Inscription. After the Battle of Cold Harbor in June 1864, Grant and Lee shifted their armies to Petersburg; but Grant did not wish to abandon the Richmond front entirely. He had Gen. Benjamin Butler position a small force from his Army of the James here at Deep Bottom Landing to protect the pontoon bridge which allowed Union forces to move back and forth across the James River.
By Bill Coughlin, April 25, 2007
|1. Deep Bottom Landing Civil War Trails marker|
As part of an overall strategy to defeat Lee’s main army at Petersburg, Federal detachments launched attacks from here on July 25 and August 13, 1864. Stiff Confederate resistance foiled both efforts. On September 29, 1864, a third attempt, spearheaded by two brigades of United States Colored Troops (USCT), resulted in the capture of New Market Heights. The Army of the James continued to use the key river crossing at Deep Bottom until the end of the war.
Erected by Virginia Civil War Trails.
Marker series. This marker is included in the Virginia Civil War Trails marker series.
Location. 37° 24.433′ N, 77° 18.331′ W. Marker is near Richmond, Virginia, in Henrico County. Marker is on Deep Bottom Road, on the left. Click for map. Marker is located at the James River in the Henrico County Park boat launch area in Deep Bottom Park. Marker is in this post office area: Henrico VA 23231, United States of America.
By Bill Coughlin, April 25, 2007
|2. Deep Bottom Landing - A Vital Link|
|Marker with James River in the background.|
Other nearby markers. At least 8 other markers are within 2 miles of this marker, as the crow flies. Deep Bottom Park (within shouting distance of this marker); First Battle of Deep Bottom (approx. 0.9 miles away); Nathaniel Bacon (approx. 1.1 miles away); Curles Neck and Bremo (approx. 1.1 miles away); Pleasants V. Pleasants (approx. 1.3 miles away); New Market Road (approx. 1.5 miles away); Battle of New Market Heights (approx. 1.8 miles away); Turkey Island Mansion (approx. 2 miles away). Click for a list of all markers in Richmond.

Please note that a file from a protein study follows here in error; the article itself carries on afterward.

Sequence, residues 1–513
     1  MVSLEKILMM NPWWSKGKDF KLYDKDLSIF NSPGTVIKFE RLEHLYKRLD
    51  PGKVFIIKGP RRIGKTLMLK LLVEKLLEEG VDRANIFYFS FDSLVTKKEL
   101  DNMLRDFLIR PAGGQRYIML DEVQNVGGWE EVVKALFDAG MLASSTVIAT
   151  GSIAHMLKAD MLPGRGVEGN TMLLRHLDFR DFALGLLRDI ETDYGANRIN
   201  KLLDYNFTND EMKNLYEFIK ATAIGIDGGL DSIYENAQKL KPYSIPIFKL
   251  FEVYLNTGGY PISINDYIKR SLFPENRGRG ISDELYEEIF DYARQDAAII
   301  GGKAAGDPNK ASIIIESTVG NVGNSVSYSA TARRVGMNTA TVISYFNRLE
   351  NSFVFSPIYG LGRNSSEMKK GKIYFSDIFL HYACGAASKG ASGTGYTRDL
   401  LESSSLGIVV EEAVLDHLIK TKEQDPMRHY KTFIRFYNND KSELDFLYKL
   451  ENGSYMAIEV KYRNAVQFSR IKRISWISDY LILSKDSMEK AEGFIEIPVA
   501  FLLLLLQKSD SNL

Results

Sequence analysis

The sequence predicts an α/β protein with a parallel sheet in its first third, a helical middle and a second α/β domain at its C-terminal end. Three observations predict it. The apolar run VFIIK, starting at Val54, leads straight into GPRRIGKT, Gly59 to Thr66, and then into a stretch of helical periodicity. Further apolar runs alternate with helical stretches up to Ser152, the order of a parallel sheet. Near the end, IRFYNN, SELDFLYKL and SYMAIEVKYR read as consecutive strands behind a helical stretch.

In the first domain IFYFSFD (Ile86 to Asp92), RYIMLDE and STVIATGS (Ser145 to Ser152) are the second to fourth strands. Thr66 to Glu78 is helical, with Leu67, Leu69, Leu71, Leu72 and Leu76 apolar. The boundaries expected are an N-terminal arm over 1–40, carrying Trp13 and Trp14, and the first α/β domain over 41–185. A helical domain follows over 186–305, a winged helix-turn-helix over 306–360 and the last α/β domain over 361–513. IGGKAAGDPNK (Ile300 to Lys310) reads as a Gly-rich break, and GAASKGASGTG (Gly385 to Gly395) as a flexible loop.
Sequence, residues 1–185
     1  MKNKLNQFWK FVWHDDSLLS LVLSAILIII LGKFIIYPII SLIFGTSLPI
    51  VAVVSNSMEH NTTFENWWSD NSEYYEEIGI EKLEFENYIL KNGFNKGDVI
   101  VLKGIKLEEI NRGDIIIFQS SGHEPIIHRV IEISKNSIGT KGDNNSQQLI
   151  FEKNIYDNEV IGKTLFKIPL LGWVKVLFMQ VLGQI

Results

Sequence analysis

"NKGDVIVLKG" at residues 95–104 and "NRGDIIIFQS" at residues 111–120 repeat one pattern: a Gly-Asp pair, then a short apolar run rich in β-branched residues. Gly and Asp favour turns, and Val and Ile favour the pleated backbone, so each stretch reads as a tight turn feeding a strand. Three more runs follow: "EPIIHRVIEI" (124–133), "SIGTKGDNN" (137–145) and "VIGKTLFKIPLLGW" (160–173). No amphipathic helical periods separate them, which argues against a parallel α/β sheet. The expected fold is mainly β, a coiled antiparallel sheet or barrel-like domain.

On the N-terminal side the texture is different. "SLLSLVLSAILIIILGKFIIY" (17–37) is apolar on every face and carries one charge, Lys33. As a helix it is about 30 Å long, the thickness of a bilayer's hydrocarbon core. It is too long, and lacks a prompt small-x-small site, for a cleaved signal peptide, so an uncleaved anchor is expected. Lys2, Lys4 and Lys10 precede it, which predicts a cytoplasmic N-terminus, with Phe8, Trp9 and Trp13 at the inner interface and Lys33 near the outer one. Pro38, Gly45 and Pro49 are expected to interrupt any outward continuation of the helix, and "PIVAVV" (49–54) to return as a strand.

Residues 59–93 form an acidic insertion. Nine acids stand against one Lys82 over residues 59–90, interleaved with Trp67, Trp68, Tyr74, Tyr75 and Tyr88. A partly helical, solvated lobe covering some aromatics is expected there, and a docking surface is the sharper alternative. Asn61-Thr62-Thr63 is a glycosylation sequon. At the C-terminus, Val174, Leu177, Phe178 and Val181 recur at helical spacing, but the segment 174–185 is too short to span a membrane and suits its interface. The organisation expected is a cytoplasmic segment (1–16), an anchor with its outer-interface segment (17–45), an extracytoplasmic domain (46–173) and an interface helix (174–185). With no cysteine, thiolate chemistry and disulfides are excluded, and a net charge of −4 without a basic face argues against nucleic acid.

More about this marker. The upper portion of the marker is dominated by a photo of "The pontoon bridge at Deep Bottom" which "linked Federal troops located north and south of the James River. It saw steady use between June 1864 and April 1865."
Three small maps detail the battles around Deep Bottom:
First Battle of Deep Bottom
July 28, 1864
Gen. Joseph Kershaw’s successful attack against Union cavalry along the Long Bridge Road stopped Grant’s first advance against Richmond’s defenses.
Second Battle of Deep Bottom
August 16, 1864
A desperate Confederate counterattack led by Gen. Lee forced Gen. Birney’s command to abandon its position above Fussell’s mill pond and once again kept Federal troops contained at Deep Bottom.
Battle of New Market Heights
September 29, 1864
Early morning assaults by USCTs pierced the Confederate entrenchments above Deep Bottom. Union pursuit of the retreating Confederates continued several miles along the New Market Road before being stopped at Richmond’s outer defense line.
By Mathew Brady, circa 1865
|3. Pontoon bridge, Deep Bottom, James River, Va|
|U.S. National Archives [111-B-460]|
Related markers. Click here for a list of markers that are related to this marker. To better understand the relationship, study each marker in the order shown.
Also see . . .
1. Second Deep Bottom. A narrative discussing the Second Battle of Deep Bottom. (Submitted on November 28, 2007, by Craig Swain of Leesburg, Virginia.)
2. Deep Bottom Preservation Efforts. Details of a Civil War Preservation Trust effort to preserve 125 acres of this battlefield. The site includes rather detailed maps of the battle and other resources. (Submitted on September 22, 2008, by Craig Swain of Leesburg, Virginia.)
Credits. This page originally submitted on November 19, 2007, by Bill Coughlin of North Arlington, New Jersey. This page has been viewed 2,901 times since then. Last updated on January 28, 2009, by Richard E. Miller of Oxon Hill, Maryland. Photos: 1, 2. submitted on November 19, 2007, by Bill Coughlin of North Arlington, New Jersey. 3. submitted on July 14, 2010, by Bernard Fisher of Mechanicsville, Virginia. • Craig Swain was the editor who published this page.
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